How SARS-CoV-2 Positivity Factors by Blood Type, Race, and Pregnancy

Certain blood types in combination with Rh, race (Black patients and White patients), and pregnant or not pregnant demonstrated protection against the virus.

A new case-controlled study published recently in the America Journal of Infection Control (AJIC), demonstrates that positive results of SARS-CoV-2 are related to blood type, confirming previous research. Also, this study, investigated blood types for SARS-CoV-2 and correlation for disease acquisition in various sociodemographic groups including women of childbearing age, which confirms further and more recent research demonstrating that inequities within certain sociodemographic groups did exist. While this study validated protection for pregnant women against SARS-CoV-2, further and larger studies are needed.

“Our study team was able to replicate findings from studies performed earlier in the pandemic, which demonstrated that blood type can play a significant role in acquisition of SARS-CoV-2. We were also able to support findings from more recent research showing that social inequities, such as race and gender, contribute to an individual’s likelihood of contracting the disease,” Maria L. Vacca, MSN, RN, CIC, director of infection prevention at Thomas Jefferson University Hospitals Center City, and author of the study told Infection Control Today® (ICT®) in an exclusive interview. “While replication of findings performed from previous research studies is important, our research produced a novel finding, showing that pregnant women in our study group were significantly less likely to contract SARS-CoV-2 than non-pregnant women of childbearing age. This new information is very exciting and adds to the growing body of knowledge that currently exists regarding the virus.”

This institutional review board (IRB) approved study was conducted at the Jefferson University Hospitals located in New Jersey and Pennsylvania from March 2020 through March 2021. It consisted of 27,662 patients and reinforced initial international studies which revealed a significant correlation between blood type A and SARS-CoV-2 susceptibility.

"This article emphasizes 1 glaring aspect of health care brought to light during the pandemic—socioeconomic level and lack of adequate health care. Both were a wake-up call for society to finally act on this known disparity" said Sharon Ward-Fore, MS, MT(ASCP), CIC, FAPIC, an infection prevention consultant, located in Chicago, and a member of Infection Control Today’s® Editorial Advisory Board, told ICT® when she reviewed this research.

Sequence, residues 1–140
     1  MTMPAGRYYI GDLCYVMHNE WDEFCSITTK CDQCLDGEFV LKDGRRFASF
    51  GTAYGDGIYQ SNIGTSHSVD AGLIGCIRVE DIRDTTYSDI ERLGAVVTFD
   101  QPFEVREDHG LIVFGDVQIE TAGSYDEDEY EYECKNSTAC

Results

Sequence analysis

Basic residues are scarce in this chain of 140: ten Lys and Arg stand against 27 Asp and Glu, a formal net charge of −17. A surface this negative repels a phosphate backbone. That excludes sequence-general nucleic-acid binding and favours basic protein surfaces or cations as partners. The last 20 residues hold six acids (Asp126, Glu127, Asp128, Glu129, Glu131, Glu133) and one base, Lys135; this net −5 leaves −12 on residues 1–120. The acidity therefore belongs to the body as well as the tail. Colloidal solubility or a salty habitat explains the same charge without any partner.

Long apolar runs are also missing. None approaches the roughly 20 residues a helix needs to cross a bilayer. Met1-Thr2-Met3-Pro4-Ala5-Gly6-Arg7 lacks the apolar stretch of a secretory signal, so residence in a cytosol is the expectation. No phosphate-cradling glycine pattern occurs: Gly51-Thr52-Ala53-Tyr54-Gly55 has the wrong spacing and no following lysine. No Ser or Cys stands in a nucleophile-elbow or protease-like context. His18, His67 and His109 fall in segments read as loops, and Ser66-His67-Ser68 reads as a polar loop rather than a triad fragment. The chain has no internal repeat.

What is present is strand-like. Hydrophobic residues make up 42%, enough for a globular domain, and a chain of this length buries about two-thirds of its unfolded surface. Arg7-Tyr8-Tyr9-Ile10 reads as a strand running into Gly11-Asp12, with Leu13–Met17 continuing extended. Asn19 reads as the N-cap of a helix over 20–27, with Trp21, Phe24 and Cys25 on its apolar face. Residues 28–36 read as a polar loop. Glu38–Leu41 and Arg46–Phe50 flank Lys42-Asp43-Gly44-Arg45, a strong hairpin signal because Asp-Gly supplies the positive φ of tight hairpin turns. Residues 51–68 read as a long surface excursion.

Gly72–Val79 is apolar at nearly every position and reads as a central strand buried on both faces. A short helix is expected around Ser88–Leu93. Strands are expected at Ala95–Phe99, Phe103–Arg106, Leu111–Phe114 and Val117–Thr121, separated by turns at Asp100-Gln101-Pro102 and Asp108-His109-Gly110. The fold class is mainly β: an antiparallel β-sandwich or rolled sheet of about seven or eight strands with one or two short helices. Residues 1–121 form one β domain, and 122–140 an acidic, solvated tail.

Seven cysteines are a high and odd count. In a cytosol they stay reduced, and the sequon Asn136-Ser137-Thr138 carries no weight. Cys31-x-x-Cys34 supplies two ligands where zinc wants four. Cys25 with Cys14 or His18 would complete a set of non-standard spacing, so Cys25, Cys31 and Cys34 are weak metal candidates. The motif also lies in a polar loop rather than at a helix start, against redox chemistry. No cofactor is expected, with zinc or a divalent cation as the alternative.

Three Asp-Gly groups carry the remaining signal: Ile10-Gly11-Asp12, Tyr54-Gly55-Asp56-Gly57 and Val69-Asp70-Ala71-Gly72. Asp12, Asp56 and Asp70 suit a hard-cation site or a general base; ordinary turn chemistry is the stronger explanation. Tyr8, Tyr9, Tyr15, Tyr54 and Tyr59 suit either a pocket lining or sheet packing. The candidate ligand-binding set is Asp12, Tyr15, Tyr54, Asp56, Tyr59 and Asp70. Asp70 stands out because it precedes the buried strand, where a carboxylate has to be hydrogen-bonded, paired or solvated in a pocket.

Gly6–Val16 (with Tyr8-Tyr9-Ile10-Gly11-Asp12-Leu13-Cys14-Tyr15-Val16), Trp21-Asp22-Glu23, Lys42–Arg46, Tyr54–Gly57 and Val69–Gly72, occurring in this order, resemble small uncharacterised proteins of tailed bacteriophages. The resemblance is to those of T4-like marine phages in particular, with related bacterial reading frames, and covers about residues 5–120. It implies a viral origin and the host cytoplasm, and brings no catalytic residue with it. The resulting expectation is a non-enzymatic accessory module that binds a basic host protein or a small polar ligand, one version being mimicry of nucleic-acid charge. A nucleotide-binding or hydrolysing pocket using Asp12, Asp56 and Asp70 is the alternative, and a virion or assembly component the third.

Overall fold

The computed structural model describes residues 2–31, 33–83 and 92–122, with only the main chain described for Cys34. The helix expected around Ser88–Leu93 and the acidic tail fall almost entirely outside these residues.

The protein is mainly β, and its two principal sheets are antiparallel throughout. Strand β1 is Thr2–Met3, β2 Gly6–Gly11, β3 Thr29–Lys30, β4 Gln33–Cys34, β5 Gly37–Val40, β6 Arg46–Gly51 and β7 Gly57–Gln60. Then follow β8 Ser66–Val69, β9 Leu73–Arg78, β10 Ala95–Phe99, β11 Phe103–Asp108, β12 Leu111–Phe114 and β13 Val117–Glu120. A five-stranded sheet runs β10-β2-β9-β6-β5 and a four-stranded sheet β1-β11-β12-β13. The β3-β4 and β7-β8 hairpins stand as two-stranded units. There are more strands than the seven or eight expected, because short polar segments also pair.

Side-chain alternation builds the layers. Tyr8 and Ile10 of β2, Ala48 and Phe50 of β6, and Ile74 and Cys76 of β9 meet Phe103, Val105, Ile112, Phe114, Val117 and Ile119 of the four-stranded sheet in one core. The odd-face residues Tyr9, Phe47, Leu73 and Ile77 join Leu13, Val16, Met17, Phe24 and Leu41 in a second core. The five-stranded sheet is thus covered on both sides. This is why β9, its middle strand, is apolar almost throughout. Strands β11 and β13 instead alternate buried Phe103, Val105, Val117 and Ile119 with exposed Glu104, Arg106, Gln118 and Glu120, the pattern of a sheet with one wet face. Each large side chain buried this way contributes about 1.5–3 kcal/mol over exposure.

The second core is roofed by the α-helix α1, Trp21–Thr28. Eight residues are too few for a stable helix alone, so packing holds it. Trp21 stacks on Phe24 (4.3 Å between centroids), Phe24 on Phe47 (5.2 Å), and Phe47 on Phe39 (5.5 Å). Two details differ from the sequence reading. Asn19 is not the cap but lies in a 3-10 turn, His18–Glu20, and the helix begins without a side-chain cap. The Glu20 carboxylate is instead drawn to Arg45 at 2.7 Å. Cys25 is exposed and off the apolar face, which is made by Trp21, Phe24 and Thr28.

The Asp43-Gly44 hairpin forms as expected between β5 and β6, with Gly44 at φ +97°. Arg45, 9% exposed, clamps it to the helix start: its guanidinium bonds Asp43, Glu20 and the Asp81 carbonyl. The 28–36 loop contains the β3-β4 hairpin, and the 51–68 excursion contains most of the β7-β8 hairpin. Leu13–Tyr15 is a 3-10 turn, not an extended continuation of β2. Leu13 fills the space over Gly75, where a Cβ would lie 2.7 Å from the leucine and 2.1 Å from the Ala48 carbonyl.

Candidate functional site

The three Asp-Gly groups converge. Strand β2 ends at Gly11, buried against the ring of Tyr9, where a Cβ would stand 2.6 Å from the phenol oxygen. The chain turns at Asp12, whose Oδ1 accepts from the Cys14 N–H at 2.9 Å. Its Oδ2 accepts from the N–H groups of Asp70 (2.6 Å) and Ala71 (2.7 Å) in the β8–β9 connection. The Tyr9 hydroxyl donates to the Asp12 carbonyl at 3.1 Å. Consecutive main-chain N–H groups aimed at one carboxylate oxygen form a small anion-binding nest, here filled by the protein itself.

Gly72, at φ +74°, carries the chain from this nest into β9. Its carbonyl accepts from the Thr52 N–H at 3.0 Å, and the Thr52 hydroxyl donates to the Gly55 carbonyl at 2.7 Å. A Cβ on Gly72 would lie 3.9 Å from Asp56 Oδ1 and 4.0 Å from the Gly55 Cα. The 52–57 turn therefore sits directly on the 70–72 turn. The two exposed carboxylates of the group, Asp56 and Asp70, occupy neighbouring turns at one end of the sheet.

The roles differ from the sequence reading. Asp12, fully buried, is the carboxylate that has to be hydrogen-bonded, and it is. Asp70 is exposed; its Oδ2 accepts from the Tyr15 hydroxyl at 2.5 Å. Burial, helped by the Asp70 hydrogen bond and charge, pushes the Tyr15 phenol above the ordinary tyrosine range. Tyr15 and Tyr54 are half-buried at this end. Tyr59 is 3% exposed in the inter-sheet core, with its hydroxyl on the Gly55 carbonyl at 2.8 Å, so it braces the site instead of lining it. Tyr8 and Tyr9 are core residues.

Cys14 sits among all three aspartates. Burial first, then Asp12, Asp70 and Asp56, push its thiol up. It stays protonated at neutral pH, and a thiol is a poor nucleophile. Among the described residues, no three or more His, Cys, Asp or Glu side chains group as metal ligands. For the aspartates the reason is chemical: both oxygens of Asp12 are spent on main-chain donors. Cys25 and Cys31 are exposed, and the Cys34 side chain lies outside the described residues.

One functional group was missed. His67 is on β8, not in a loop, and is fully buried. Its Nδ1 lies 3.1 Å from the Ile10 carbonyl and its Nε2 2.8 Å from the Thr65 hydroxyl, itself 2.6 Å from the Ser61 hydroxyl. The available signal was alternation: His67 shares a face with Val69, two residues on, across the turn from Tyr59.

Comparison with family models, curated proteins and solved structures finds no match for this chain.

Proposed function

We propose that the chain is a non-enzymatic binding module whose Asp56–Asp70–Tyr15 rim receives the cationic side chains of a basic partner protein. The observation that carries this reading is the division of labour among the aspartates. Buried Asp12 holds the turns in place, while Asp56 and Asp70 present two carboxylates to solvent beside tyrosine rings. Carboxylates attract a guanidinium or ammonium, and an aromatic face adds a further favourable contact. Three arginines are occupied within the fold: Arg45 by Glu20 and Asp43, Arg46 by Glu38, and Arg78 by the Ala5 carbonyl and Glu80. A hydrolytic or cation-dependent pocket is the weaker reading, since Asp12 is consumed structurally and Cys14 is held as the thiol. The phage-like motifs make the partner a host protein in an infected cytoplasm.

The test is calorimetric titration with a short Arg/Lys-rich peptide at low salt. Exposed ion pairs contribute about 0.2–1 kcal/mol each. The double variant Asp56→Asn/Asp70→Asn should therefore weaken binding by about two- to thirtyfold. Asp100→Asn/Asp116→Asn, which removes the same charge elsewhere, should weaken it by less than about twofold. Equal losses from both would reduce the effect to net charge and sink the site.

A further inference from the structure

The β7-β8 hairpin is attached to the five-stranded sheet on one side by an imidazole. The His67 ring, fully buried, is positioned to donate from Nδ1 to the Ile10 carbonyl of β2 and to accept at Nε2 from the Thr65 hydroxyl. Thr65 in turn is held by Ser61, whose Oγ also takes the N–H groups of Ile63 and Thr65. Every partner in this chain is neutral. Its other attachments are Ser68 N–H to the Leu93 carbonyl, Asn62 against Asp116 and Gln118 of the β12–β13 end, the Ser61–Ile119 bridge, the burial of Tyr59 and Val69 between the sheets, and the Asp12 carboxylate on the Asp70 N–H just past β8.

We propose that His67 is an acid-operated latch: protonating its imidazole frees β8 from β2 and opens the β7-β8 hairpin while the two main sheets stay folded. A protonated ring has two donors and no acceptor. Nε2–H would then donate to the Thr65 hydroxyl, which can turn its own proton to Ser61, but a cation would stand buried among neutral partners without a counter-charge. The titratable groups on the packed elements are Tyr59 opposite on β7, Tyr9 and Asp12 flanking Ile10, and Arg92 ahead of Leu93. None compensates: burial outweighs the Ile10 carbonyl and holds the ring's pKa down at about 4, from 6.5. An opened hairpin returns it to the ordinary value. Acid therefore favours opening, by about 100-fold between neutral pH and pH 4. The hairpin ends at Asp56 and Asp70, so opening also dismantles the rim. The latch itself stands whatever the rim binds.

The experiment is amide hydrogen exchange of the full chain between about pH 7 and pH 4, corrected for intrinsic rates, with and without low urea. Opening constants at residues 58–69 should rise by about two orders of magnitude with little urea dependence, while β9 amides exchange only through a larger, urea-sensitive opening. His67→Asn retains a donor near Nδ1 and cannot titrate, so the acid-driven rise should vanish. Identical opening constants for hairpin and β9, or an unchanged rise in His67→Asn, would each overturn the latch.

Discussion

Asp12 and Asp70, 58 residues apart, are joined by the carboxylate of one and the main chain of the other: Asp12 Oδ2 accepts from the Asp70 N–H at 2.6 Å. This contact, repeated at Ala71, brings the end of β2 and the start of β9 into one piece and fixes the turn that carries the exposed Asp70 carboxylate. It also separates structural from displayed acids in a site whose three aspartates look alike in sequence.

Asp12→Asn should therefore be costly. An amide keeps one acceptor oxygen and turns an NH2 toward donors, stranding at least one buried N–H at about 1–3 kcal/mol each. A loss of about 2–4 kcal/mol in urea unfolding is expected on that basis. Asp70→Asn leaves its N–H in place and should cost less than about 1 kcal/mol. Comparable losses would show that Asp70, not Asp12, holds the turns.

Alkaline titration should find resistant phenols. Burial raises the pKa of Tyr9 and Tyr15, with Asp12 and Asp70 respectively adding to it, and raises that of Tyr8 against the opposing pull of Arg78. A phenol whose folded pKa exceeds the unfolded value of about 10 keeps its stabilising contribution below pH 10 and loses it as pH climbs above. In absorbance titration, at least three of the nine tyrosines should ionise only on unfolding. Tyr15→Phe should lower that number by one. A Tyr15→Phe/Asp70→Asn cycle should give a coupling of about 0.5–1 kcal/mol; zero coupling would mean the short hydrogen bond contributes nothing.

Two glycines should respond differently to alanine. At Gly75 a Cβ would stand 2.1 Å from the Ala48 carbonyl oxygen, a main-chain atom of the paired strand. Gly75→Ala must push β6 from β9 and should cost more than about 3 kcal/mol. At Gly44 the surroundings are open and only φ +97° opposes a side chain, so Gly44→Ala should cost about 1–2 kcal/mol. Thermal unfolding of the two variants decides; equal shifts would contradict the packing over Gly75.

The inclusion criteria included 27,662 in-patients with blood type assessed who were tested for SARS-CoV-2. The study endpoints combined ABO, Rh, and (ACIM) with testing positivity. Inclusion criteria included all admitted adult patients, ages 18 years and older, who were tested for SARS-CoV-2 and had a recorded blood type upon admission. The first test for SARS-CoV-2 with a positive result was used for patients who had multiple SARS-CoV-2 tests, and all others excluded. Primary study end points combined ABO blood type and Rh with likelihood of testing positive and all-cause inpatient mortality (ACIM). Secondary end points included age, gender, race, and body mass index (BMI).

Of the patients included in the study:

  1. 42% were male,
  2. mean age was 56.3 [19.2] years,
  3. 60% were of white race.
  4. Average BMI was 29.3 [8.1] kg/m2;
  5. 39% of patients were considered obese.

In the patients who met the criteria, the investigators found following results:

  • Overall, ACIM was the highest in blood group A (-) and lowest in O (+).
  • Interestingly, blood types B and AB did not show an association.
  • Blood type O (-) was found to have the lowest number of positive tests.
  • Type A blood was associated with increased positivity [1.01 (1.0-1.21), P = .03].
  • Type B [1.10 (0.99-1.23), P = .08] and AB [0.98 (0.81-1.19), P = .84] showed no association.
  • When evaluating ACIM, type A [1.18 (0.91-1.52), P = .22], B [1.13 (0.82- 1.56), P = .480], and AB [1.06 (0.62-1.81), P = .839] were not associated with increased mortality.
  • The female subgroup was less likely to test positive [0.88 (0.82-0.986), P = .002].
  • Black patients demonstrated a higher likelihood of positivity when compared to White [1.96 (1.79-2.14), P < .001].
  • Non-pregnant women exhibited a 2.5 times greater likelihood of testing positive [2.49 (2.04-3.04), P < .001].

Inclusion criteria included all admitted adult patients, ages 18 years and older, who were tested for SARS-CoV-2 and had a recorded blood type upon admission. The first test for SARS-CoV-2 with a positive result was used for patients who had multiple SARS-CoV-2 tests, and all others excluded. Primary study end points combined ABO blood type and Rh with likelihood of testing positive and (ACIM). Secondary end points included age, gender, race, and body mass index (BMI). There was a subgroup analysis focused on women of childbearing age and pregnancy status.

“More studies are warranted to confirm and further explore this topic. I would love to see more Infection Preventionists lead research studies around this and other topics they are passionate about, and believe it is an important and expanding role for our profession,” Vacca told ICT®.

The investigators also mentioned in the study, “More research is warranted … to explore if positivity is affected by physiological, social, or behavioral factors, or influenced by a combination of causes.”